Williams Lake RCMP safer communities co-ordinator Dave Dickson and Community Policing Chair Andy Sullivan are hoping to raise awareness about scams during March which is Fraud Awareness Month.

Williams Lake RCMP safer communities co-ordinator Dave Dickson and Community Policing Chair Andy Sullivan are hoping to raise awareness about scams during March which is Fraud Awareness Month.

March is Fraud Awareness Month

Every year thousands of Canadians fall victim to fraud, including in and around Williams Lake.

  • Mar. 8, 2013 4:00 p.m.

Every year thousands of Canadians fall victim to fraud, including in and around Williams Lake.

“Over the last while we’ve noticed more people calling regarding scams, whether it’s a letter in the mail or phone call selling ink or whatever,” RCMP community safety representative Dave Dickson said.

Most people don’t think that it will ever happen to them, but fraudsters continue to use increasing sophisticated methods to target residents of all ages and from all walks of life.

Fraud Prevention Month is an annual event that gives private and public organizations involved in the fight against fraud an opportunity to further raise public awareness. Through awareness, people can avoid becoming victims.

Williams Lake RCMP Insp. Warren Brown advised he continues to see an alarming increase of frauds reported to his detachment.

“This is not acceptable and we are certainly going to do our very best to attempt to inform our community,” he said, adding being cautious is something to be proud of.

Whether shielding a PIN number from view or asking questions of telemarketers, people should not be afraid of offending those who are asking for information or money.

Over the next four weeks, the RCMP will be participating in a series of local fraud awareness initiatives.

To help reduce your chances of being victimized by fraud, local agencies have kindly offered to assist in getting the prevention messages out to the community, including local media, Dickson said.

The Better Business Bureau has identified the top 10 scams. They will be featured through the month, starting with the first three on Mar. 8’s Tribune Weekender.

Topping the list are the advertising trolls who scam consumers who post ads to free online listings like Craigslist. The consumer becomes the target of unlicensed telemarketing companies who are trolling through online ads to find someone to make an easy buck from.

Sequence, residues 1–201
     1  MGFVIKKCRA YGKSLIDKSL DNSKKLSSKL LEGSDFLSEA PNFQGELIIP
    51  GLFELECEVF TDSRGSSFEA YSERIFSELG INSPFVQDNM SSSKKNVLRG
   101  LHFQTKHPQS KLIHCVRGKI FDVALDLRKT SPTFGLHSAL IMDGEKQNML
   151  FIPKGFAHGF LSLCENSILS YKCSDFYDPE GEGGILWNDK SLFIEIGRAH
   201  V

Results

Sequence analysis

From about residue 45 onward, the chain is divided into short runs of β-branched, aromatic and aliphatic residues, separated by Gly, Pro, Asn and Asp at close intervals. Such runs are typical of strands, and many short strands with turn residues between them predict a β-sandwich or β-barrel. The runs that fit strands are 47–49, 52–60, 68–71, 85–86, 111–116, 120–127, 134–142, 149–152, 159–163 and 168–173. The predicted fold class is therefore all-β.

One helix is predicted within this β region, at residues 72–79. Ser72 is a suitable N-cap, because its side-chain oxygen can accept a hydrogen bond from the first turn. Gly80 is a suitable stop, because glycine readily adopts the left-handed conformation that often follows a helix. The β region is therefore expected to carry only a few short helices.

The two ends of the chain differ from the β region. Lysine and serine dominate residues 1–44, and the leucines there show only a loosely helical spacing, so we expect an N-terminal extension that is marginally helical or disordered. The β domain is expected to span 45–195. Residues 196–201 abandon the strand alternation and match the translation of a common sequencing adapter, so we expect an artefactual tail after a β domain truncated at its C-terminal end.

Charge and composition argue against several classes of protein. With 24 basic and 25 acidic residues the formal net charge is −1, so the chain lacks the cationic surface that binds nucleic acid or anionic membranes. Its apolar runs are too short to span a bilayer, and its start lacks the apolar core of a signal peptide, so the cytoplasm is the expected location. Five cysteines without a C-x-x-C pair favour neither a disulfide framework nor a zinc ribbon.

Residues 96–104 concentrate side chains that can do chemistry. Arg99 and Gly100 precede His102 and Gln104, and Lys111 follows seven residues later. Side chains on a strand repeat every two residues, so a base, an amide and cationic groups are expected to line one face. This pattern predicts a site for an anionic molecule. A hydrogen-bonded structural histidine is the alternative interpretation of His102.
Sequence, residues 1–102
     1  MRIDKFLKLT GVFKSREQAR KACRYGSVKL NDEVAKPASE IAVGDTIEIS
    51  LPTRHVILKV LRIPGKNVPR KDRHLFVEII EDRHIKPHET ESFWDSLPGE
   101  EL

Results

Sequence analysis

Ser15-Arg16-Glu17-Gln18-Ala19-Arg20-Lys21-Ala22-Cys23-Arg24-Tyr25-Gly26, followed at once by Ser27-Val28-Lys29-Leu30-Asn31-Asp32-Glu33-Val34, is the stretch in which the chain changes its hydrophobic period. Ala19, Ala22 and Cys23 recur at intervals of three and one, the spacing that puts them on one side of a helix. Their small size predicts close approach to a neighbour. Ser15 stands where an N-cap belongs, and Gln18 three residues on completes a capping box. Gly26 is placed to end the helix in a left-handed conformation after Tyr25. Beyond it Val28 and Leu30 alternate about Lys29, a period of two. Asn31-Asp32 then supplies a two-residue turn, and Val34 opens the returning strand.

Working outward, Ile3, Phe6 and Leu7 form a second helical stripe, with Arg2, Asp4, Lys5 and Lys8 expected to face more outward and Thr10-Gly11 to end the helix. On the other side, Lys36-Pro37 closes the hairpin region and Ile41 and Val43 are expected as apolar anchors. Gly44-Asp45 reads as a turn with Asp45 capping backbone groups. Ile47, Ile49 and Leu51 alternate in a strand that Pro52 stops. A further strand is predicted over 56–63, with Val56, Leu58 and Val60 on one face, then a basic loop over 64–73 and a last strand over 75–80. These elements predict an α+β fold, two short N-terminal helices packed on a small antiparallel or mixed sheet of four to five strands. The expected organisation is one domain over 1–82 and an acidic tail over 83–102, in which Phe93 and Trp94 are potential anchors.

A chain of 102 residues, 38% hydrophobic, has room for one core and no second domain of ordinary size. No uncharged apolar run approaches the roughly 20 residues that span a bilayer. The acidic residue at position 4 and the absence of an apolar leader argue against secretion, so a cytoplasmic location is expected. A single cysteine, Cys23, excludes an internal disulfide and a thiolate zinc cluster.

Scamming companies often guarantee to sell vehicles quickly and promise a money-back guarantee. They rarely sell it, yet charge a seller a fee. And that’s money people could save by selling things themselves.

Rather than being misled by promises of guaranteed sales, check companies out on www.bbb.org.

The second scam of the week is the online romance scam. It’s very dicey to trust people one meets virtually because while they may spend time building a relationship online, if they are a criminal, that’s all part of the plan.

Warning signs are when requests for money start to appear, with pleas the requesters has no family or friends to turn to.

Finally, the internet investment scam where fraudsters contact you by e-mail or social media or somehow lead you to a website designed to gather personal information for the purpose of identity theft.

Don’t expect to get rich quickly, experts warn, and don’t be lured by claims of insider information.

Delete and block spam emails and do your own research.

Before making any investments, people need to retrieve as much information as possible and keep copies of all correspondence and investment information.

Brown said due to the Internet social media, scams have become international as opposed to being localized so investigating them is becoming more and more difficult and costly.

“I think education and awareness are key to preventing scams. We get phone calls daily with people telling us the police just gave me a message on my computer telling me if I pay them $125 I’ll get my computer back.”

That’s not something the RCMP would ever do, he said.

“And if you get a letter from a lawyer saying ‘you have $125 million from a lost uncle, and all we need to do is open an account under your name so give us $2,500,’ don’t do it.”

Brown said the top 10 list is not  “exhaustive” but it’s a start.

To report scams contact the Canadian Anti-Fraud Centre (Phone Busters) at www.antifraudcentre.ca or call 1 888 495-8501.

Dickson can also be reached at 250-392-8701.

 

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